Katy Perry: Part Of Me [Review 50 for FQ13]

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Why I Saw It: For every two or three really good movies I watch, I also end up seeing a movie which is on the “lighter” side of entertainment. Katy Perry is one of the more intriguing celebrities of my lifetime thus far, and if you write her off as just being a bubble-gum pop star, you’re completely misjudging her. When you combine her family background, her off-beat sense of style and the content of (at least half of) her songs, all told, that’s a person I want to know more about. Not to mention the fact that she’s gorgeous and seems to almost want to be a living cartoon. Plus, I dig the alternatively-colored hair.

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What Was It About?  “This film tells the story of the trajectory of Katy’s career, from her beginnings as gospel singer Katheryn Hudson to the present day as pop singer and global superstar Katy Perry, bearing testimony from Katy about her childhood, talking about the Teenage Dream era, with scenes from backstage of her last world tour while trying to take time to resolve personal problems, including her divorce from English comedian Russell Brand.” (from Wikipedia)

My Rating: 7.8 out of 10

Favorite Parts: This documentary actually had a lot more heart to it than I was expecting. I’m very familiar with Katy Perry, having watched one of those “Behind The Music”-style specials on her already, but this documentary took things to new places. We got to see the ups and downs of her relationship with Russell Brand. We got to see her interact with her grandmother and her parents, both before she was famous and now. There were plenty of interactions between Katy and her sister, including a very strong scene where she’s helping her sister with wedding dresses (don’t worry, it wasn’t TOO long of a scene). We got to see some of her darker moments, which absolutely didn’t seem contrived.

The Regrettable Aspects: There have been plenty of reports that Katy Perry likes to go out and party with other celebrities, such as Rihanna, and this documentary didn’t capture any of that, nor did it give us a strong-enough feel for what life is like on the road for Katy. That last part would have made the narrative stronger, as one of the film’s focal points was on how the travel back and forth between her tour and trying to visit her husband took its toll on Katy. And yet, I don’t recall seeing much in the way of travel to different venues or hotel rooms or a tour bus or anything like that. It would have also been nice to see some scenes where she’s trying out more of the gadgets they use in her show and in music videos – the part of her “act” which takes her into the “surreal”.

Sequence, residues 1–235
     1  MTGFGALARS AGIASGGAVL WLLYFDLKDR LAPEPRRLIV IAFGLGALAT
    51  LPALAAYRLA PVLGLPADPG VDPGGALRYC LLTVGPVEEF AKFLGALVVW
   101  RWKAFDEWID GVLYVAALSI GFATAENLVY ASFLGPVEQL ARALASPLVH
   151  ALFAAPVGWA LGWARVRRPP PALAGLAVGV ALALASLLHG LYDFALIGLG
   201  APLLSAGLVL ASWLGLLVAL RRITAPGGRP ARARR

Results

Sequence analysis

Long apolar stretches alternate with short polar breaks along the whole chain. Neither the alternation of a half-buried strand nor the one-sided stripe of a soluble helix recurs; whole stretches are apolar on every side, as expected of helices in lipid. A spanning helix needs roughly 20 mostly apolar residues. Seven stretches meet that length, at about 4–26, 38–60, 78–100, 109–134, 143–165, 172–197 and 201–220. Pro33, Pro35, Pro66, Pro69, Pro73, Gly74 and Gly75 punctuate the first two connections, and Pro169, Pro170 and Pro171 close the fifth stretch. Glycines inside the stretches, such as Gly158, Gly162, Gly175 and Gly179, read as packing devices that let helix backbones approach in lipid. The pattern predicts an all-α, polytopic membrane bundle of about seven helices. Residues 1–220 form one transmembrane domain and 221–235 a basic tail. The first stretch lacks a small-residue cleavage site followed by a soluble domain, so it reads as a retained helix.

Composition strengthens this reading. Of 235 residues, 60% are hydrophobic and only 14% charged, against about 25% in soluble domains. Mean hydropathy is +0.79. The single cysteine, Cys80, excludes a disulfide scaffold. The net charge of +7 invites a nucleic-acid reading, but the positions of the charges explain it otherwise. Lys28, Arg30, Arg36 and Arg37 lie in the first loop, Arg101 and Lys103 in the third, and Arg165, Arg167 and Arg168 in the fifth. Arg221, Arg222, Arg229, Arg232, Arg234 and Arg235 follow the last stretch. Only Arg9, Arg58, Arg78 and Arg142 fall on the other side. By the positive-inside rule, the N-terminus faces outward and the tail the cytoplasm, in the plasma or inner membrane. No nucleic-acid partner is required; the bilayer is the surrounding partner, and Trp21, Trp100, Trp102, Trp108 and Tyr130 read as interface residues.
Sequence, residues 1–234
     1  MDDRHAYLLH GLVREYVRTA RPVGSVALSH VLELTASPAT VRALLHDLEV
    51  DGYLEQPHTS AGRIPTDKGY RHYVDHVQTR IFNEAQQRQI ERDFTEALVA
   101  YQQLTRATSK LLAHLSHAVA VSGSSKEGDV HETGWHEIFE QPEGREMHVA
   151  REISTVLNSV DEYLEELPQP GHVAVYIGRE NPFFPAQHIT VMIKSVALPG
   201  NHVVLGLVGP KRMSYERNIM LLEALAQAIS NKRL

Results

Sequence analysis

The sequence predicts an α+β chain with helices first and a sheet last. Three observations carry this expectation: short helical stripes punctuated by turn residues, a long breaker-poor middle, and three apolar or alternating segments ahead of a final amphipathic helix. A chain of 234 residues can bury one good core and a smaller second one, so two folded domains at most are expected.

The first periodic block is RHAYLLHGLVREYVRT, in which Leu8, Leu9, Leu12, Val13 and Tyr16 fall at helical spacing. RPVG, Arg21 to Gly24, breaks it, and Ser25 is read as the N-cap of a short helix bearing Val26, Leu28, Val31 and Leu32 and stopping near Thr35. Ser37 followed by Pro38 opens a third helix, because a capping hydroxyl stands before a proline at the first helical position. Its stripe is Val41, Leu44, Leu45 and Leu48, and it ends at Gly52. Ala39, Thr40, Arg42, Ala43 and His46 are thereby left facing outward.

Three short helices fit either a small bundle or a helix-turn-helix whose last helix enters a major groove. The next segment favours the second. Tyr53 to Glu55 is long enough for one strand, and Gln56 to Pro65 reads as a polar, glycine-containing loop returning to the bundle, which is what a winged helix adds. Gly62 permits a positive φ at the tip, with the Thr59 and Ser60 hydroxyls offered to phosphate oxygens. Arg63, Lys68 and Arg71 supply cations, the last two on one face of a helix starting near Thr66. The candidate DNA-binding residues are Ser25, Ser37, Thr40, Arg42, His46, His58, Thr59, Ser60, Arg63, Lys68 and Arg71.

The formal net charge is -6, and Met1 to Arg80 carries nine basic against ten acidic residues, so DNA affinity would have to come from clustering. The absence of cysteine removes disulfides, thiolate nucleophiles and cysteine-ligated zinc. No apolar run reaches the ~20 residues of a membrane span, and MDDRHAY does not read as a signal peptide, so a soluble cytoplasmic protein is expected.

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Would I watch it again? If I saw it was on television, I’d probably tune in if there wasn’t anything else on. I don’t imagine I’d ever consider buying or renting the DVD.

To Whom Would I Recommend It?  I’d recommend it to anyone who has any opinion of Katy Perry, because I think it gives a good insight into who she is and what she has been through to obtain her current level of success.

Other Recommendations:

Katy Perry’s E! True Hollywood Behind The Music Story… or whatever they call it these days – I came into this film knowing a bit about Katy Perry’s background already, and it was because of one of the documentary type shows on E! or VH1 or MTV or whatever channel it was that I saw it on. I don’t know that the one I saw is available to rent or own through any outlet, but if you catch it, watching it can help round out the understanding of just what she has been through.

NEVER SAY NEVER – Okay, so I hate to even have to write Justin Bieber’s name, but this documentary is a really good look at the early years of a prodigy. It absolutely gives you an idea for why he’s so popular, and shows that he does have some considerable talent.

If you’ve got recommendations for alternatives to KATY PERRY: PART OF ME, or for other similar films, let me know!

Next up, WRECK-IT RALPH!

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2 responses to “Katy Perry: Part Of Me [Review 50 for FQ13]

  1. Good review. I surprisingly didn’t mind this one as much as others. It’s a tad corny and over-dramatic at times, but it allowed me to gain as much respect for a musician like Perry as I can. Not saying much, but still worth mentioning.

    • I can agree with you to some degree about it being over-dramatic, but I think it’s also a good perspective to provide – showing us that not everything is great in the lives of entertainers, and sometimes they get on stage even when they REALLY don’t feel like it.

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